• Antiaging Creams No Fountain of Youth, Suit Alleges
  • February 4, 2005
  • Law Firm: Manatt, Phelps & Phillips, LLP - Los Angeles Office
  • Estée Lauder, the manufacturer of a $100-per-ounce "antiaging" cream, faces a potential class-action lawsuit for false advertising, brought by a woman who claims that the estimated $1,000 she spent on the pricey products did not halt or reverse the effects of time.

    Debra Scheufler, a 47-year-old San Diego lawyer, is suing Estée Lauder and several other companies, charging them with advertising false claims for their products' "antiaging" properties. Other defendants in the case, which was filed on December 29, 2004, in California state court in San Diego, include department stores Nordstrom and Neiman Marcus, and a California company called Epicore Skin Care.

    Scheufler wants the companies to cease the alleged false advertising and reimburse her for the $1,000 or more she spent on Estée Lauder's La Mer-brand moisturizer. She's seeking class-action status for the suit.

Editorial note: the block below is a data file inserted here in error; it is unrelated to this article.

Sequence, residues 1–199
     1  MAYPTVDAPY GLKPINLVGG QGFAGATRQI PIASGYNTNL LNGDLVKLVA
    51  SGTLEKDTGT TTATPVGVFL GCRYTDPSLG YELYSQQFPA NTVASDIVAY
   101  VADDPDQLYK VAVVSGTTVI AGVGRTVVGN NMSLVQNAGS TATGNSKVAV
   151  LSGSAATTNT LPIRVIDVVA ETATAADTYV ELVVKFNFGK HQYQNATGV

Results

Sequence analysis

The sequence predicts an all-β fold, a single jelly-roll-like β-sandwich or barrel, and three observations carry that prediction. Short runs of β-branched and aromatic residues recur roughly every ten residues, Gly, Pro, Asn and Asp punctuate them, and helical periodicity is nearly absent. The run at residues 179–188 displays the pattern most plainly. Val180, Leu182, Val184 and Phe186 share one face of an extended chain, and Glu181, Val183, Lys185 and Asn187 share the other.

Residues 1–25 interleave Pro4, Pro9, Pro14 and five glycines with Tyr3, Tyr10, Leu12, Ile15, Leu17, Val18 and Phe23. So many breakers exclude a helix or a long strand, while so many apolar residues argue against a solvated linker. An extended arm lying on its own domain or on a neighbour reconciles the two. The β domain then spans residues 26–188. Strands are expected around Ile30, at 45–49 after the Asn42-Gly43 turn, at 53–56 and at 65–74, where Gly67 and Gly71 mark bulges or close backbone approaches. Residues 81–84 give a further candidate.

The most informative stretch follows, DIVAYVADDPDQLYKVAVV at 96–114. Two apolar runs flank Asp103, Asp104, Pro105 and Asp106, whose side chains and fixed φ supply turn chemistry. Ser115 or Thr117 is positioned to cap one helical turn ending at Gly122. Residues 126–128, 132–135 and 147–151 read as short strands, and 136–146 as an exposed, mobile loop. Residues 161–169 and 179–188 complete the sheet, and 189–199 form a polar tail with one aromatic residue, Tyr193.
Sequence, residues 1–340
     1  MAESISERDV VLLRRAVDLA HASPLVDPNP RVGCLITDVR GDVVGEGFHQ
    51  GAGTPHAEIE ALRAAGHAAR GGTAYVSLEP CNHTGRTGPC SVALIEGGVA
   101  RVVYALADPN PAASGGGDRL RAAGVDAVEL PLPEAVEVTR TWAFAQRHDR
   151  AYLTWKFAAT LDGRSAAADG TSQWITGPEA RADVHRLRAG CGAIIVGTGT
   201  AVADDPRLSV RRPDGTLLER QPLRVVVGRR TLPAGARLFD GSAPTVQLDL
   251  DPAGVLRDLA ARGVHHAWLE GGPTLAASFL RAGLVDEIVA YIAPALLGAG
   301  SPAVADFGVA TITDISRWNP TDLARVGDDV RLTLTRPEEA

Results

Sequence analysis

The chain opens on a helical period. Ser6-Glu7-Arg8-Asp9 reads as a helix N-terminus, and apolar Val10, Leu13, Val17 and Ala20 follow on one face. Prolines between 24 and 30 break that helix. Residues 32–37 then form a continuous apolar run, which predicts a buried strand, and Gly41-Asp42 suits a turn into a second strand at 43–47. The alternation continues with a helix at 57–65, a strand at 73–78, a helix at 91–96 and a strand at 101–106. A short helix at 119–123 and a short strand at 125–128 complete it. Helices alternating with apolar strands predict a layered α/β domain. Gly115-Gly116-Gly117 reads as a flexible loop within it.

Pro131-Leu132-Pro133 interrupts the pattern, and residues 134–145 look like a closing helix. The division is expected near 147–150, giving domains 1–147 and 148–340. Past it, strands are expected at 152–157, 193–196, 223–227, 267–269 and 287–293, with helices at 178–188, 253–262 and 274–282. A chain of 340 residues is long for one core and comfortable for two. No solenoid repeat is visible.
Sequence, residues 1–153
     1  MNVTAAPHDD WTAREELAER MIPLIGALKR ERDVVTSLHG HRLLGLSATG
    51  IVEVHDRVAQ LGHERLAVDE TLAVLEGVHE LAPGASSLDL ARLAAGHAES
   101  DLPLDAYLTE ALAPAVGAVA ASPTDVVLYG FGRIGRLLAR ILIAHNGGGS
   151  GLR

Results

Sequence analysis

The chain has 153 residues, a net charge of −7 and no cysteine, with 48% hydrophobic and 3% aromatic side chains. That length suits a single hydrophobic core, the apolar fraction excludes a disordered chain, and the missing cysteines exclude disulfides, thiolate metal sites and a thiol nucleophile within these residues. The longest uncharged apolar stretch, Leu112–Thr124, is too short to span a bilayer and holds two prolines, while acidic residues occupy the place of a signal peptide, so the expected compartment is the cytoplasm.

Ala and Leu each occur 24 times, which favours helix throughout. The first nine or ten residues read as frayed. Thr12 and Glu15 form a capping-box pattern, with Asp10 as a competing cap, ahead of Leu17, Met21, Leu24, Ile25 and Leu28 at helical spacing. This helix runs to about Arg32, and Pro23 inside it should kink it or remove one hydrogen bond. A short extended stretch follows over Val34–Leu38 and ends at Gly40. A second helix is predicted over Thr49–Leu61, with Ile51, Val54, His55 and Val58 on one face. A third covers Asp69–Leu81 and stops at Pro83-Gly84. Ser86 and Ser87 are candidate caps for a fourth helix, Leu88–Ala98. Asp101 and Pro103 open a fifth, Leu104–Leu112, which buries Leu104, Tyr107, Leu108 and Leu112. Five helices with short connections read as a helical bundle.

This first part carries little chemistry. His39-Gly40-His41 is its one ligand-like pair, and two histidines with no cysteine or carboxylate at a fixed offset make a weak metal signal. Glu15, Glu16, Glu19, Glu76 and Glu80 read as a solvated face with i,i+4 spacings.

According to La Mer's advertising, the cream makes skin "softer, firmer, virtually creaseless. Aging lines and pores are noticeably less visible." Scheufler said that La Mer actually made her skin "rougher" and clogged her pores.

    The question boils down to what "antiaging" means. If a product has a sunscreen in it, it could be considered to have some antiaging properties, since the sun is known to age skin. Moisturizers can give the appearance of decreasing wrinkles. Exfoliation can help skin look younger and better by removing dead skin. And an individual's reaction to a product doesn't necessarily invalidate antiaging claims either, since different people's skin may respond differently to the same product.

    Significance: Since there is no regulatory standard for antiaging properties, proving the case could be challenging. Cosmetics exist in a regulatory gray area. Cosmetics are allowed to make claims, but they cannot make medical claims that a product will treat, cure, or prevent a disease. With the exception of Hollywood actors, aging is not typically considered a disease.